• True, Tim, but there is something extra specially evil about Nixon. Actually, the rage started burning in 1960 when he lost to JFK. My parents and most of the neighborhood (all Democrats, of course) hated him as well. I’m sure they never voted for him. And, as you know, I have never been a fan of George W! Thanks for your comment.

    • Steve, I think you are referring to my leaving the US, a place I do love with a passion. I didn’t walk away, just tried to get as far away from Vietnam and Richard Nixon as I could, and I never planned to stay in Australia. I just fell in love with the place and its people, in particular the woman I married nearly 40 years ago. And remember I am a dual citizen, so I’ve only left physically, not spiritually. Does that answer your question? Cheers, Tom

  3. It’s also interesting what Nixon did to American’s financial well being – largely forgotten by Americans of the current generation. The changes made to America’s banking and their previuosly required reserves (gold and cash ie removed them) now see’s America printing money as fast as it needs to spend it. Some say this action alone was opening the gate in the top paddock that ultimately set the conditions in play for the GFC and America getting into massive debt (it now struggles to service.) There’s always a Richard Nixon somewehere on the planet, he taught us
    we just need to pay more attention to who we vote for.
    We should be grateful I guess he didnt go on to manage fox news
    Break in at 4 – Pictures at 11 (:-) – Love your blog Tom

    • Thanks, Flemo. I hadn’t realised Nixon was responsible for the GFC, but you make a great case for it. And I agree wholeheartedly with your comment: “he taught us we just need to pay more attention to who we vote for.” Right on, Flemo. Cheers, Tom

  4. g’day, Tom,

    Nixon v Mel Brooks impersonator George W? Well, Nixon ended a war and George W started one (if not more) – W was a real war criminal, along with Cheney, Condee Rice and Rumsfeld. Nixon was certainly a sleazebag crim, but he certainly does not have the amount of blood of his own people on his hands that the money-grubbing dupe George W has.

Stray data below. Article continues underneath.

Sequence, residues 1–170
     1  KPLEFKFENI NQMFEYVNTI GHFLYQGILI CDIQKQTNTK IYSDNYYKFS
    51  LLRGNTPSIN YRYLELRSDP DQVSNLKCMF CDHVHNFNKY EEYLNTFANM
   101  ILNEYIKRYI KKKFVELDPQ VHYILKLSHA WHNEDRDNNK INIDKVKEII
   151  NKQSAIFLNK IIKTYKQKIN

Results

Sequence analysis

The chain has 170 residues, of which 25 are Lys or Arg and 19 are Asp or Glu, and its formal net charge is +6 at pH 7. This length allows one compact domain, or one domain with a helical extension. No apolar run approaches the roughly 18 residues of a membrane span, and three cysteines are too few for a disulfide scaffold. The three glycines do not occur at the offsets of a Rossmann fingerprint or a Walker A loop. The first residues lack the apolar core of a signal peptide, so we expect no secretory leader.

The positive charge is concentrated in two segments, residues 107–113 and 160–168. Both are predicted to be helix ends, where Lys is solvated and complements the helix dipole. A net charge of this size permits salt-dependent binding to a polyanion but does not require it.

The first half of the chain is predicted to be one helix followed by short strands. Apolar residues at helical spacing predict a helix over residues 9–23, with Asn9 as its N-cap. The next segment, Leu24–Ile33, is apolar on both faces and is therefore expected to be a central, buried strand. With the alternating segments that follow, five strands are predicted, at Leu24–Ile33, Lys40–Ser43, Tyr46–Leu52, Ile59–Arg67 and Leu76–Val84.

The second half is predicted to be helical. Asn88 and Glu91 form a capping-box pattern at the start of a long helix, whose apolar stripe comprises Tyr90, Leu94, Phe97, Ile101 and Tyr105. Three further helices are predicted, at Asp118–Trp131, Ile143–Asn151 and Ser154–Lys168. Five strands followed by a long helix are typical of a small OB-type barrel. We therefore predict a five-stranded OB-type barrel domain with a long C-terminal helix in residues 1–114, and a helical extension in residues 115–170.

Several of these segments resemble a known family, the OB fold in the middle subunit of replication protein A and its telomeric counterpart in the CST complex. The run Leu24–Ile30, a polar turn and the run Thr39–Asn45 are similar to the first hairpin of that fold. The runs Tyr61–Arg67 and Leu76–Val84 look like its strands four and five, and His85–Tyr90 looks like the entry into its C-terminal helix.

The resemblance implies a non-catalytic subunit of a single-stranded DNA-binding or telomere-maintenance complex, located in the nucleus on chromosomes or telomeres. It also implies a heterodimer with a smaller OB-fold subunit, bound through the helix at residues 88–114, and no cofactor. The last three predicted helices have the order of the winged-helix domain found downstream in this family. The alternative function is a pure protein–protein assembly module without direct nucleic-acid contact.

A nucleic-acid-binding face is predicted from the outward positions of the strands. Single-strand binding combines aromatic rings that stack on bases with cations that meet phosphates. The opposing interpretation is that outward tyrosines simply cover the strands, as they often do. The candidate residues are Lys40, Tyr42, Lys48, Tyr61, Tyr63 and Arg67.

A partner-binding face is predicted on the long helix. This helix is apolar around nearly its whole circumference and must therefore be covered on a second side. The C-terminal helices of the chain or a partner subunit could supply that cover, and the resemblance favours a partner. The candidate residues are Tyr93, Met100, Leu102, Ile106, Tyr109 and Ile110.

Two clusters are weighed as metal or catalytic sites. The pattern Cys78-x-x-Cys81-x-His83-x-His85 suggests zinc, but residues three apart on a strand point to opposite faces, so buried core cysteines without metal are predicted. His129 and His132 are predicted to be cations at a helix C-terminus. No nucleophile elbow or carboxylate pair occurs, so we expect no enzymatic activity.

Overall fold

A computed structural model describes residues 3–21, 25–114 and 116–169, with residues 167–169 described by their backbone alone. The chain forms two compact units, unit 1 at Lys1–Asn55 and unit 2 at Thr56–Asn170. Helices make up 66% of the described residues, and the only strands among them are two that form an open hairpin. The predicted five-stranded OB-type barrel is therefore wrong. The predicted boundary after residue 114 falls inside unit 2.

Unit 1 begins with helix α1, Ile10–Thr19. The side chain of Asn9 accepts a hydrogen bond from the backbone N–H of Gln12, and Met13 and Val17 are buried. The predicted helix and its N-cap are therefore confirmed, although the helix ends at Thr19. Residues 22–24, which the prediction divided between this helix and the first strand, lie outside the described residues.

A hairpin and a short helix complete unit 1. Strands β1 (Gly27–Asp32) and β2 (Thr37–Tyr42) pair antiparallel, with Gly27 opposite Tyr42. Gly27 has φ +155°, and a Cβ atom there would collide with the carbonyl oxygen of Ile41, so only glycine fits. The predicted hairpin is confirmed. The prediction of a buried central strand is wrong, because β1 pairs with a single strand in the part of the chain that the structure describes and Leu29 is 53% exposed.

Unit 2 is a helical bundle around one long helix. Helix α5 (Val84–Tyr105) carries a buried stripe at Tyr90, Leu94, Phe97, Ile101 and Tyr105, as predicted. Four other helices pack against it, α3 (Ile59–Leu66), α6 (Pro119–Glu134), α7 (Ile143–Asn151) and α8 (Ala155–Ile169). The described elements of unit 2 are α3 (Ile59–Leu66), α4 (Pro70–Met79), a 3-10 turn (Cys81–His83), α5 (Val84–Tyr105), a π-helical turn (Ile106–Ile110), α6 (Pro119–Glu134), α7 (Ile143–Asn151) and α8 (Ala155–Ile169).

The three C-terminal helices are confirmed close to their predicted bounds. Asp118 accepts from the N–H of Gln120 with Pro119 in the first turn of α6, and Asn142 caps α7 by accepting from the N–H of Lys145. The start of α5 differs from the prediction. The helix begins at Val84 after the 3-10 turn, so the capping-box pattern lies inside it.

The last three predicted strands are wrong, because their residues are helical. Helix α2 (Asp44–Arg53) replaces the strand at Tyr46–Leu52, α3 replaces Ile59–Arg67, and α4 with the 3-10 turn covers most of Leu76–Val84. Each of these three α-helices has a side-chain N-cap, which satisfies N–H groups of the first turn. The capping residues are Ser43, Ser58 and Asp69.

Two anecdotes I remember about Nixon. In the era when he was under the pump and his criminality was coming into the sunshine, he was walking up a path with some aides when his PR flack Ronald Ziegler seemed to baulk at an order from Nixon, whereupon the President in full public view (including TV cameras) turned and pushed Ziegler (twice by memory) back down the path from where they came, yelling and pointing. One hoped at the time he wasn’t demanding that black brief case with the red button in it.

    It was shortly after this, as the wheels were rapidly falling off and reporters were asking very pointed questions that Ziegler came out with the famous opening to a press conference “Ladies and Gentlemen, all previous statements are inoperative’. How Wayne Swan-ish!

    And early on, Nixon was giving a speech where he said ‘And I (pausing and pointing at the audience) say to you (pausing and pointing to himself) …..’ George W wouldn’t have got it.

    • Malcolm, Thanks for your comment, entertaining as usual. Nixon may not have as much blood on his hands as George W did, but his hands were certainly bloodied. And he did ruin the lives and spirits of millions of Americans. He was a slimy crook, and I can’t think of him in any other way. To say he was better than George W is faint praise indeed. But thanks for the memories of Ron Ziegler. He was in a non-class of his own! Cheers.

      • Thanks, Malcolm. Yes, though I have toned down the swear words over the years, except on the odd occasions — when I have to apologise to my fellow Swan supporters! Those were the days, my friend, I hope they never end! PS I still can’t leave a comment on your excellent blog due to that technical problem I mentioned to you. Please get Jo to fix it! Cheers.